Jim: And in fact, that verse, just so everybody knows it, “‘For I know the plans I for you,’ declares the Lord, ‘Plans to prosper you and not to harm you, plans to give you hope’”-

Dr. Jantz: A future and a hope.

Jim: … “‘and a future.’”

John: Greg, apply that to the family member who is saying, “All right. I’m- I’m working up a plan. I’ve been praying about it. But actually, I might lose this relationship.”

Dr. Jantz: There is a price, sometimes, initially to pay, and it may be this relationship. Uh, you may lose it for a period of time. Uh, they may, you may feel like they’ve rejected you. You may be the target of all their anger. They may blame you. “I told you I didn’t you have a problem. Why did you do this? You’re the problem.”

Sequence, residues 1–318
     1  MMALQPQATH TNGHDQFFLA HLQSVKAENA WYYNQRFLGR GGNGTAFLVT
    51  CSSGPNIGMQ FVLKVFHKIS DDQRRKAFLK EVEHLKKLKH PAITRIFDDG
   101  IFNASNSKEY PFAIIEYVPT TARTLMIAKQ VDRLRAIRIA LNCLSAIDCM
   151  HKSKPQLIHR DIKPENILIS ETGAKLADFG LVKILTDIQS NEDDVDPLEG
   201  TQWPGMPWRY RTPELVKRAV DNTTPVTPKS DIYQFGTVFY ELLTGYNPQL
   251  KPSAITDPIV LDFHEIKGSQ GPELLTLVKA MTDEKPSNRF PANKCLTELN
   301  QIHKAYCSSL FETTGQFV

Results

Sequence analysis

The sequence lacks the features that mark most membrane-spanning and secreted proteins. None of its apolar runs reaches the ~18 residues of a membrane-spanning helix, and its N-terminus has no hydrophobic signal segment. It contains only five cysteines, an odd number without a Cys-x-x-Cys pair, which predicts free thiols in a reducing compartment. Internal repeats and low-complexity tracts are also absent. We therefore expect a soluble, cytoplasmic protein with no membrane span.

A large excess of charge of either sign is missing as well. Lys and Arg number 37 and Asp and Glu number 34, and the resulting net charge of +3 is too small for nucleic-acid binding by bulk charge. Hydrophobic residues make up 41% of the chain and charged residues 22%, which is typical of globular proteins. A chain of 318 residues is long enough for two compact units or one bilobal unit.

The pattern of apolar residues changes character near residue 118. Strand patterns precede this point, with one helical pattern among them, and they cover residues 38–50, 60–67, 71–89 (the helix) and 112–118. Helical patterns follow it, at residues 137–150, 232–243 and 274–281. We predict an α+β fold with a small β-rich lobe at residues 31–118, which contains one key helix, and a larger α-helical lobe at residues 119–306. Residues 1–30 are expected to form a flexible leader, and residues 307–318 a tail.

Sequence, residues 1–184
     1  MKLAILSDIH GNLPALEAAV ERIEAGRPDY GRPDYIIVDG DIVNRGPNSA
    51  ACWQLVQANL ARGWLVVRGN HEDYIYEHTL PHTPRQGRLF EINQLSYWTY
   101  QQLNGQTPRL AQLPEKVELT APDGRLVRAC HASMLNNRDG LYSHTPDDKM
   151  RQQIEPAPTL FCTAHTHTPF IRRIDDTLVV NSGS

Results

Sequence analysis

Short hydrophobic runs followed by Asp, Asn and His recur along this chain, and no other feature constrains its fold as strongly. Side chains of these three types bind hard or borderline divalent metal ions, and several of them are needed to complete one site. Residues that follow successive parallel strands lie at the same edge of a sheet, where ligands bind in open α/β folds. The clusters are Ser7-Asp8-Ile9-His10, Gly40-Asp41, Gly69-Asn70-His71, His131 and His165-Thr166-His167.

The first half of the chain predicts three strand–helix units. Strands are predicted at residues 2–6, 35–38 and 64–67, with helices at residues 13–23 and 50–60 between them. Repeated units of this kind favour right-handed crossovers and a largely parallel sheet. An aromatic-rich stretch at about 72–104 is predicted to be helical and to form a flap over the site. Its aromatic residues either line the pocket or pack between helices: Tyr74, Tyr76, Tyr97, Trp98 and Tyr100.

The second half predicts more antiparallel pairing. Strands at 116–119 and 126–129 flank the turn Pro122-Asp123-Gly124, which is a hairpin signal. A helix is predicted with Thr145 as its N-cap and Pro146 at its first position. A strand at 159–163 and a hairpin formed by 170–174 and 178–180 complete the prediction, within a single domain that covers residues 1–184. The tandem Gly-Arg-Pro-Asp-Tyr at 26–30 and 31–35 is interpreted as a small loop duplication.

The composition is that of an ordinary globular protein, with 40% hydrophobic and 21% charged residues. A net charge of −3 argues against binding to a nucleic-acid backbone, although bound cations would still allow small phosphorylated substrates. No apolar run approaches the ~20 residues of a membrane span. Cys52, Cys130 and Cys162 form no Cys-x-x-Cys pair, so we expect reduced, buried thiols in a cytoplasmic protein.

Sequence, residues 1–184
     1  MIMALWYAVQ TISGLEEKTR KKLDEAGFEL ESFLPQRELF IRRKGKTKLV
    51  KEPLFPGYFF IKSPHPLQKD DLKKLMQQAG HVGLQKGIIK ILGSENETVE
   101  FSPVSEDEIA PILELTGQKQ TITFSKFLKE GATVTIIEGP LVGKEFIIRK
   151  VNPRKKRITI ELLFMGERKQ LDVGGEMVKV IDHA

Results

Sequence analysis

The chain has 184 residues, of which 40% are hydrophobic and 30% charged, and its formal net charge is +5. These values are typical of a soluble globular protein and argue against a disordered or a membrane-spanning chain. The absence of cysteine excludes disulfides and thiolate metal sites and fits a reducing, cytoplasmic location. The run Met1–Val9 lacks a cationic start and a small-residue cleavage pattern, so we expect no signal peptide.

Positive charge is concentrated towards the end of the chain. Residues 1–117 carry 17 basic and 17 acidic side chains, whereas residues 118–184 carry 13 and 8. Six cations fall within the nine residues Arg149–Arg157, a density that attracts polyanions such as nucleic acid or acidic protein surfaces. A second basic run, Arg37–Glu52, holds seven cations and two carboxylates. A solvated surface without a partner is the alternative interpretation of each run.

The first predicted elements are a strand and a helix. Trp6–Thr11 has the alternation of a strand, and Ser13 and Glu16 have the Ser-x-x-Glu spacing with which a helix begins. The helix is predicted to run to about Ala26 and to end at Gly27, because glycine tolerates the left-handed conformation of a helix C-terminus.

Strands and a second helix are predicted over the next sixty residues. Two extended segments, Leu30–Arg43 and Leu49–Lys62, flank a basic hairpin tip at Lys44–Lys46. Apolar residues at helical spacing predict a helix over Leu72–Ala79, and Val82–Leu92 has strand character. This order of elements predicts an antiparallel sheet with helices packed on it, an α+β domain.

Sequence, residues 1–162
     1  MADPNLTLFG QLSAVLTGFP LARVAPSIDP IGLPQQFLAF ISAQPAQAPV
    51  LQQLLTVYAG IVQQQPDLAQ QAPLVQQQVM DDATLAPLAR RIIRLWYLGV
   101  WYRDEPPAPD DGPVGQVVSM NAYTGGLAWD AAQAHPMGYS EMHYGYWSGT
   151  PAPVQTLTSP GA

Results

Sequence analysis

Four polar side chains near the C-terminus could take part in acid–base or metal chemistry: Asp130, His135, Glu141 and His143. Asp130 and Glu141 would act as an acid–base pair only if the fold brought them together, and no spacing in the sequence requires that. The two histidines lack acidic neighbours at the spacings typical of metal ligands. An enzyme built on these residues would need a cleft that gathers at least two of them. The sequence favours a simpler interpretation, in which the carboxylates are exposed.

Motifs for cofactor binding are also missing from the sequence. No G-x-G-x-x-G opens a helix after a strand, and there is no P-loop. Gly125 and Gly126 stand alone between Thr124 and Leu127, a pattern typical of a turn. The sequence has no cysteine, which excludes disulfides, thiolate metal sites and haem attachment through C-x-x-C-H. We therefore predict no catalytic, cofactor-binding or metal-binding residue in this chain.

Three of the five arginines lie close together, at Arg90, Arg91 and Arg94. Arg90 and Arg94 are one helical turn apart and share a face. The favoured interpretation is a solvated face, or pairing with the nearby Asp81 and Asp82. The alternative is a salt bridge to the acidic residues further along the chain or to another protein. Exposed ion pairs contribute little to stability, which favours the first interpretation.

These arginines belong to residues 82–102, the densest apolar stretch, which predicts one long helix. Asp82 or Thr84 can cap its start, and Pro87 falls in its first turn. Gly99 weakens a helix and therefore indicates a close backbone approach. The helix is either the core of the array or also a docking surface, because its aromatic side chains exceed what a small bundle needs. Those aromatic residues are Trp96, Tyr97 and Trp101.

Jim: Mm-hmm.

Dr. Jantz: They may try to put it back on you.

Jim: Yeah.

Dr. Jantz: And so, uh, just know, I always say, that’s the addiction talking. That’s really not the person you love. Um, that’s the addiction talking.

John: And I guess we have to be willing to risk the relationship if, ultimately, um, we care for that person.

Dr. Jantz: We are risking a relationship in order to save a life.

Jim: Mm-hmm. Yeah. Greg, I wanna end on that positive story. When you look at your years of intervention, and the years of counseling-

Dr. Jantz: Yes.

Jim: … that you have provided at the Center, um, what is that story that keeps you motivated?

Dr. Jantz: Mm-hmm.

Jim: That person you helped that was so miraculous, you knew God was working?